LAM - Linhas Aéreas de Moçambique (TM, Maputo) has launched an internal investigation after discovering that around USD3.2 million vanished from a number of its ticket sales points during December, the carrier’s director of restructuring, Sérgio Matos, revealed at a press conference in Maputo.

The company is currently tracking the movement of funds from its various point of sale (POS) terminals to identify how and where the cash was diverted.

“Two weeks ago we launched an operation to find out where the money is going. We’re selling more, but the company isn’t getting all the money,” he said on February 12, as quoted by Portugal’s LUSA News Agency and the Mozambique News Agency. He added that “we’re working quickly with LAM’s internal security and have collected almost all the POSs, and starting with 20 ticket points of sale, by Sunday we had collected 81 POSs.”

In what he branded a scheme of embezzlement, he explained that “in the last three months of evaluations we saw that the difference we were having was in the order of USD2 million or USD3 million. In December alone, there was a deficit of USD3.2 million.”

Matos also said that inspections had revealed suspicious cases even when collecting cash in stores.

“The collection of cash is done by security companies,” he said. “When we tried to find out, at LAM points of sale, how it is done and when they receive it, it was found that sometimes the deposit was made three days later, which means that money is collected from the company and then it is stored somewhere for two or three days, and only after that comes the borderô” - a statement of credits and debits.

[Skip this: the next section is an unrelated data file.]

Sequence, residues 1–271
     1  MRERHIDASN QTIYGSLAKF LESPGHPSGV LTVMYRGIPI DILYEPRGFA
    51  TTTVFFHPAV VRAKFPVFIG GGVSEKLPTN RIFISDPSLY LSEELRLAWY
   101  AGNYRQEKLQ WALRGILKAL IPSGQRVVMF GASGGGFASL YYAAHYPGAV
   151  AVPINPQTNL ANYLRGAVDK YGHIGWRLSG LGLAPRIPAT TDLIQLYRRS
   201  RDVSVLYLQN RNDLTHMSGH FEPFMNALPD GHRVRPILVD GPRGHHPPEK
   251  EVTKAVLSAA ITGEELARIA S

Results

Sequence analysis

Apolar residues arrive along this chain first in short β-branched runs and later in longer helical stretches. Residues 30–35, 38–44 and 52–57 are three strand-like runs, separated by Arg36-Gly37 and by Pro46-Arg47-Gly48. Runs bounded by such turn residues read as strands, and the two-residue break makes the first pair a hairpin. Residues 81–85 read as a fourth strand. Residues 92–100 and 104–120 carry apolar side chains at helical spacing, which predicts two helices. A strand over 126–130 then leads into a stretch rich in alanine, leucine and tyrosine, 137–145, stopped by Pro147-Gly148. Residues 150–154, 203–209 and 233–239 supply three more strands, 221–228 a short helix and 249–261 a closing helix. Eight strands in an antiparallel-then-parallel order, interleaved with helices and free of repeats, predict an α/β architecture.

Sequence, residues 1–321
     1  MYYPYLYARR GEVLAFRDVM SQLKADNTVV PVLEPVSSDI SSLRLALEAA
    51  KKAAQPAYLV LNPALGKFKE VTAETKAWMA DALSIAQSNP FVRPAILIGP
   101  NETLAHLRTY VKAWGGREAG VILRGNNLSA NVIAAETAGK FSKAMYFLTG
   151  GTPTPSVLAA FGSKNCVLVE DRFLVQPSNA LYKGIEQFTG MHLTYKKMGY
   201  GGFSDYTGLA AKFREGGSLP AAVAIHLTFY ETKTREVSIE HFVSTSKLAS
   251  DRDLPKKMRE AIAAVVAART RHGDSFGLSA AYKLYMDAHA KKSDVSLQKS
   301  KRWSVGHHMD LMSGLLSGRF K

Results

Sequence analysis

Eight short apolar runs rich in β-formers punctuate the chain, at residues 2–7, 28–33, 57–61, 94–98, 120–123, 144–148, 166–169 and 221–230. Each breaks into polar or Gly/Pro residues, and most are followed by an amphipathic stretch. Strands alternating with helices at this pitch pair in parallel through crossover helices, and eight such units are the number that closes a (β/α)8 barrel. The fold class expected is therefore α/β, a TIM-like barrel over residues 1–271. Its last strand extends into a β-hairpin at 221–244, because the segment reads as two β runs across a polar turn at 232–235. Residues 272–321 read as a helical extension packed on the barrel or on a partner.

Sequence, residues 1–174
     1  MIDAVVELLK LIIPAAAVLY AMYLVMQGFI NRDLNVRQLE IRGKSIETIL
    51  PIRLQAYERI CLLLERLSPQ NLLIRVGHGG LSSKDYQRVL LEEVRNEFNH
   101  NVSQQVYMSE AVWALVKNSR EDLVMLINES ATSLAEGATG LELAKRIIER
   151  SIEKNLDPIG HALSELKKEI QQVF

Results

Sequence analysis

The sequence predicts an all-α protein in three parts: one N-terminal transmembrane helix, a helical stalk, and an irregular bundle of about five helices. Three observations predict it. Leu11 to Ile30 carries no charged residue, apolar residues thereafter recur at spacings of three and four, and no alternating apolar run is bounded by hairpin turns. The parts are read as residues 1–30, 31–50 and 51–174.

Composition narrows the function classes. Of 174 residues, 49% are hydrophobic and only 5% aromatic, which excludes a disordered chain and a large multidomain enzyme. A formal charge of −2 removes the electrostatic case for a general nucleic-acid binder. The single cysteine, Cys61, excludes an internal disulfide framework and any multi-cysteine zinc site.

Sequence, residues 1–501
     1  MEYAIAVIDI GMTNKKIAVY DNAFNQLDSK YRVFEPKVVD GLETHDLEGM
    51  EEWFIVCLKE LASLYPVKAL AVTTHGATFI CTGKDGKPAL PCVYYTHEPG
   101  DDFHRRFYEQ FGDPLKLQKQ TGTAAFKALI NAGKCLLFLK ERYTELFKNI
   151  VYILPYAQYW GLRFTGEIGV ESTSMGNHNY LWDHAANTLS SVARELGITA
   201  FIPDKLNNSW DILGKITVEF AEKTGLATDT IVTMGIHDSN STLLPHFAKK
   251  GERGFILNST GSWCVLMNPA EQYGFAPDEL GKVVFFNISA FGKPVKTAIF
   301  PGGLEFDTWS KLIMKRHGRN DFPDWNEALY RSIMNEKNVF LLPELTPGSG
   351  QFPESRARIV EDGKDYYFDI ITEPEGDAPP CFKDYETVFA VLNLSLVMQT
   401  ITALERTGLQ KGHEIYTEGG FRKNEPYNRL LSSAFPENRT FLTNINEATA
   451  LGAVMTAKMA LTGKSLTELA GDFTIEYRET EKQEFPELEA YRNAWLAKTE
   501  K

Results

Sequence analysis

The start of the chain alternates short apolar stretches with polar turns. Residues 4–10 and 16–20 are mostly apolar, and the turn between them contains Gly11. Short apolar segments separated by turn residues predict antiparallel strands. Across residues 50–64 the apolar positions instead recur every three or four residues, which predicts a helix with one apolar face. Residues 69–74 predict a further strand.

Matos further said that his team had discovered a LAM account in Malawi with USD1.2 million to which no one in the company appeared to have access. In addition, there have been cases of employees “who use or have used company funds to buy their own homes. When these employees are contacted, each comes up with an excuse, and we believe that this may be the same group that uses the media to deliberately portray the company in a bad light.”

Fuel anomalies

State-owned LAM has been under a process of restructuring over the last year or so and has spoken of fleet renewal ahead of intercontinental and cargo operations. The restructuring team is working as part of a planned revitalisation under Fly Modern Ark, a South African company that took over the management of the Mozambican airline in April 2023 and of which Matos is a part. Since then, LAM’s debt levels have been declining.

Matos said that other inspections had found anomalies in the supply of jet fuel. “If an aircraft has fuel capacity for around 80,000 litres, in the documents the same aircraft is being fuelled at 95,000. So the question is, where are the remaining 15,000?” he asked.

LAM was forced to delay multiple flights on February 11 as it faced fuel shortages, local media reported. The airline’s restructuring team and suppliers disagree on who is responsible for the situation and what its exact cause is, but the carrier and Mozambique’s state-owned petroleum company, Petromoc, agree that LAM has a USD70 million debt to the supplier.

Following the flight delays that left many passengers stranded, independent broadcaster STV reported that LAM owes MZN600 million meticals (USD9.4 million) to Petromoc, another MZN42 million (USD657,000) to Puma Energy, and USD27,000 for fuel to Harare International.

However, Matos maintained at the press conference that there was no problem with payments and that there was instead a “lack of fuel from the supplier.” He also said that since December, LAM has owed only Petromoc and not any other fuel supplier. Meanwhile, Petromoc denies it ran out of fuel on Sunday and declined responsibility for the delays.

On February 14, the senior management of LAM wrote a letter to Mozambique’s Minister of Transport and Communications, Mateus Magala, distancing themselves from the statements made by Matos and Fly Modern Ark and denying that certain LAM managers had been involved in embezzlement or sabotage.

None of the parties involved were available for comment to ch-aviation.